Three weeks ago, Angel Manager Terry Collins was standing in the outfield during batting practice, trying to persuade right-hander Jason Dickson that his demotion to the bullpen should not be viewed as, well, a demotion.
Collins' managerial spin: This is an opportunity to take a step back, regain your aggressive approach and concentrate on the things you did so well while earning a spot on the All-Star team as a rookie last year.
A couple of strong relief outings and Jack McDowell's aching right elbow provided Dickson with the chance to take the mound immediately after the national anthem again and he made the most of his first start since May 16, giving up five hits in 7 1/3 innings of the Angels' 5-0 victory over Colorado in front of 39,621 at Edison Field Friday night.
Cecil Fielder, who hit two bases-empty homers that sailed a combined total of 824 feet, led an Angel offense that produced baserunners in every inning except the first two. But Dickson's return to form was more than enough to celebrate for a team that has two of its starters on the disabled list.
"I wasn't happy about going to the bullpen, but it did help me get back to the basics," Dickson said. "The bullpen makes you pitch with your fastball first and that definitely helped me tonight. I went back to being aggressive and not trying to make the perfect pitch."
Dickson was certainly challenging the Colorado batters Friday night. He did not walk a batter until the fourth inning and the Rockies got some pitches they could drive. Vinny Castilla, who has 22 homers and has homered five times in the last eight games, sent Damon Mashore crashing into the right-field wall in his first two at-bats and Ellis Burks hit a similar warning-track rocket in the fourth.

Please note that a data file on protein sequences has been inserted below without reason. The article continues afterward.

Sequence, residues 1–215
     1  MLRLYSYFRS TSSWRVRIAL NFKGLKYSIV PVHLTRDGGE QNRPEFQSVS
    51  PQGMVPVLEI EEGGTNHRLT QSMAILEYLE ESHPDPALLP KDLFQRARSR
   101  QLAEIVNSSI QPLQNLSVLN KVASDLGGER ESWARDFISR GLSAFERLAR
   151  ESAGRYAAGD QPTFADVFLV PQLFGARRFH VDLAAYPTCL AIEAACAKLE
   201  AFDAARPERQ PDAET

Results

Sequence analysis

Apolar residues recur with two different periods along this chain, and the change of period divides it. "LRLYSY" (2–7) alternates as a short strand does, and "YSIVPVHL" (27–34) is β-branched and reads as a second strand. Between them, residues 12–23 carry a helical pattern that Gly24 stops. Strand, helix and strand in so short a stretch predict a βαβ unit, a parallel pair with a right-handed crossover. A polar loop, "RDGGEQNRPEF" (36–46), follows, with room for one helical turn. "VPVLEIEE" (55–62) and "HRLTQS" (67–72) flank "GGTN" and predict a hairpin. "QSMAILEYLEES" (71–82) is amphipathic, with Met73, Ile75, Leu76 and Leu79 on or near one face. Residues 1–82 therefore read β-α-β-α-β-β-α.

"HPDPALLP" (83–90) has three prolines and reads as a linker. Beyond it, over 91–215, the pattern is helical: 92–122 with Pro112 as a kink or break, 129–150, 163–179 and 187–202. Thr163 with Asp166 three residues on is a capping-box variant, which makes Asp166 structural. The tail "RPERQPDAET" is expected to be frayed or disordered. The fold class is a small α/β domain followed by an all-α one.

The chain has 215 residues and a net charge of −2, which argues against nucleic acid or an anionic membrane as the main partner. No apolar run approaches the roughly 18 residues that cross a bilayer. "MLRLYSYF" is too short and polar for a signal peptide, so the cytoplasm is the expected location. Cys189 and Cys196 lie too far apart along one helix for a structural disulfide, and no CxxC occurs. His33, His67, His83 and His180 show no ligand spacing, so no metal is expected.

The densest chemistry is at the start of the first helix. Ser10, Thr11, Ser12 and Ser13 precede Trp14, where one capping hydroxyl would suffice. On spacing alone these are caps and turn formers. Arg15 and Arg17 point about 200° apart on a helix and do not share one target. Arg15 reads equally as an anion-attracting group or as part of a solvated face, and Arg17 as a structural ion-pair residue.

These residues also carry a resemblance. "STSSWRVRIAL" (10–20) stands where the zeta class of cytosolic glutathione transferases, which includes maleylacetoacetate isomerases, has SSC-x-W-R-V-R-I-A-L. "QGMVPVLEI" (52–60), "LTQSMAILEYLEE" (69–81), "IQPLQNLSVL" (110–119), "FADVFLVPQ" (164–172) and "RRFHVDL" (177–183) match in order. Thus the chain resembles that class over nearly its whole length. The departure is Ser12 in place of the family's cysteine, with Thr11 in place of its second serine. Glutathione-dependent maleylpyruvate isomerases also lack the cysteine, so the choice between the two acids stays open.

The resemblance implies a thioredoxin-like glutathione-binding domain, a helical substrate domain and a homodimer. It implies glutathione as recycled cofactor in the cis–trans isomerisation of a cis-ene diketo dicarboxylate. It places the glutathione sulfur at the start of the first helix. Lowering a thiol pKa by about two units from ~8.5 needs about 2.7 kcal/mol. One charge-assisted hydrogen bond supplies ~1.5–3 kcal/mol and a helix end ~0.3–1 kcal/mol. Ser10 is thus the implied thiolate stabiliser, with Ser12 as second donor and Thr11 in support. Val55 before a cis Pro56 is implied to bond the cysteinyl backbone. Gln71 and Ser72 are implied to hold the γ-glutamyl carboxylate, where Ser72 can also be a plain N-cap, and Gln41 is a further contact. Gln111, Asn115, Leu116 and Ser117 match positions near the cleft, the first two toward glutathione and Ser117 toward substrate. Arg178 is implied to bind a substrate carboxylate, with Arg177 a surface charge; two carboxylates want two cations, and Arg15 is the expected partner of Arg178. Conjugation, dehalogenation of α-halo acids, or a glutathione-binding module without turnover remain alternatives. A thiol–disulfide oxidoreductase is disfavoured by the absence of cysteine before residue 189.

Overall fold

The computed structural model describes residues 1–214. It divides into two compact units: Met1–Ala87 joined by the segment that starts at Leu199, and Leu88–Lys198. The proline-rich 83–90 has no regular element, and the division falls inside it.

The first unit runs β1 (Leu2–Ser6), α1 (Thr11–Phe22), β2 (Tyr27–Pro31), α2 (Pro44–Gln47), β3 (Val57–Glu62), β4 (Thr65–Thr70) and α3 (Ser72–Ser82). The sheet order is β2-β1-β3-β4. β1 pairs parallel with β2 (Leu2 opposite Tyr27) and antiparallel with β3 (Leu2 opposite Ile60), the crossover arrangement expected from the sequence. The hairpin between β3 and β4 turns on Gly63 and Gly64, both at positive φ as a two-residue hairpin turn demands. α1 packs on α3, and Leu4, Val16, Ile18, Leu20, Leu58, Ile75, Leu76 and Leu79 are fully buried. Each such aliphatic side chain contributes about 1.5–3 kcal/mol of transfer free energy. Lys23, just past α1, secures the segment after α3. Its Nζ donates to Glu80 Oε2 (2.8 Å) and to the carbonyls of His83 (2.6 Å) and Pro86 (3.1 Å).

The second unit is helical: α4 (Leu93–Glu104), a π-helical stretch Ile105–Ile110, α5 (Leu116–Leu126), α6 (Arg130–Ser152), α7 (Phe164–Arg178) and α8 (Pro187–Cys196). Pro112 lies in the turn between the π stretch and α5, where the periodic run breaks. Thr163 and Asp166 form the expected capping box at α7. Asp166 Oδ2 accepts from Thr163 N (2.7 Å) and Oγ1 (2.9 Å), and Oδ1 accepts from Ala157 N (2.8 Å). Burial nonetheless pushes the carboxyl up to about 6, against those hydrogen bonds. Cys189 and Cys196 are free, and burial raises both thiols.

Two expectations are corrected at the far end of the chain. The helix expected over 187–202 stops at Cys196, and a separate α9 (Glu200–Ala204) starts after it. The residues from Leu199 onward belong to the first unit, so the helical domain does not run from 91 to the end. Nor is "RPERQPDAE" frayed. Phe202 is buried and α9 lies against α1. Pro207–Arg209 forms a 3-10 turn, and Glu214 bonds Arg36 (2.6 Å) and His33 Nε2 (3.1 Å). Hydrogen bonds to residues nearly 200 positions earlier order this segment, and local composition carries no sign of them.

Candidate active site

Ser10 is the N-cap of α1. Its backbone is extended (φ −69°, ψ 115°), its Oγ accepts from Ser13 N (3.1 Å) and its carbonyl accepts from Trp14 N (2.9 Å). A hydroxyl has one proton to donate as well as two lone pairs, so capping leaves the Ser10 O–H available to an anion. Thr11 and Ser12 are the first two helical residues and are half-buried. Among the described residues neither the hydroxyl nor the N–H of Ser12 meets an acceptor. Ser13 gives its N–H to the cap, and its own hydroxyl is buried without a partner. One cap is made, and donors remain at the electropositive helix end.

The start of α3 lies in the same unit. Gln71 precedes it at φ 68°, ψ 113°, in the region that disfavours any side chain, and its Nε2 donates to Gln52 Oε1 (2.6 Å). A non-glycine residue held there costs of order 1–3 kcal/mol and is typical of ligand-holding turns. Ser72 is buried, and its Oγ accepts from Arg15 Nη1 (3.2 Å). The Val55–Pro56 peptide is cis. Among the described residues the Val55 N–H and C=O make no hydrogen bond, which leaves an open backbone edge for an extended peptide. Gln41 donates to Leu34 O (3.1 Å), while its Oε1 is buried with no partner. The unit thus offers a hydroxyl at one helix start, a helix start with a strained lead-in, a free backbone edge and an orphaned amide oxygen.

But Dickson kept dodging the bullets. Dave Hollins saved a run in the first inning with a diving stab of Dante Bichette's shot down the third-base line. Dickson stranded Mike Lansing, who had reached third with one out on a single, stolen base and a groundout in the third. And he probably would pitched into the ninth inning if Curtis Goodwin's double-play ball in the eighth had not bounced crazily off the mound and spun away from shortstop Gary DiSarcina.
"That was the guy we saw a whole lot of last year," Collins said. "He used all his pitches, moved it around and went after guys. I think the time in the bullpen relieved some of the pressure on him, let him relax a little bit and regain the feel for what he did so well last year."
After Neifi Perez walked and Goodwin reached on DiSarcina's error, Dickson struck out Dante Bichette before giving way to left-hander Greg Cadaret, who struck out 1997 National League most-valuable-player Larry Walker. Collins then summoned right-hander Rich DeLucia to pitch to Castilla.
Craig Shipley, who got a start in left field because Darin Erstad had the night off, had just moved to third base after Erstad pinch-hit for Dave Hollins. Shipley immediately got a chance to show his defensive prowess as an infielder, turning Castilla's shot toward the hole into an inning-ending force play.
Colorado starter Bobby Jones didn't have much trouble with the top of the Angel lineup--Justin Baughman, Hollins, Jim Edmonds and Tim Salmon did not get a hit off him--but the second half of the order caused problems. Shipley and DiSarcina both doubled to left in the third. Shipley scored on DiSarcina's hit and DiSarcina scored on a wild pitch after stealing third.
Fielder's first homer gave the Angels a 3-0 lead in the sixth and they added a run in the seventh when Mashore walked, took second when DiSarcina beat out a chopper to second and scored on Baughman's double to left-center.
Fielder's monster homer in the eighth--a 435-foot bomb into the fake rock formation in center--provided the Angels' final margin of victory.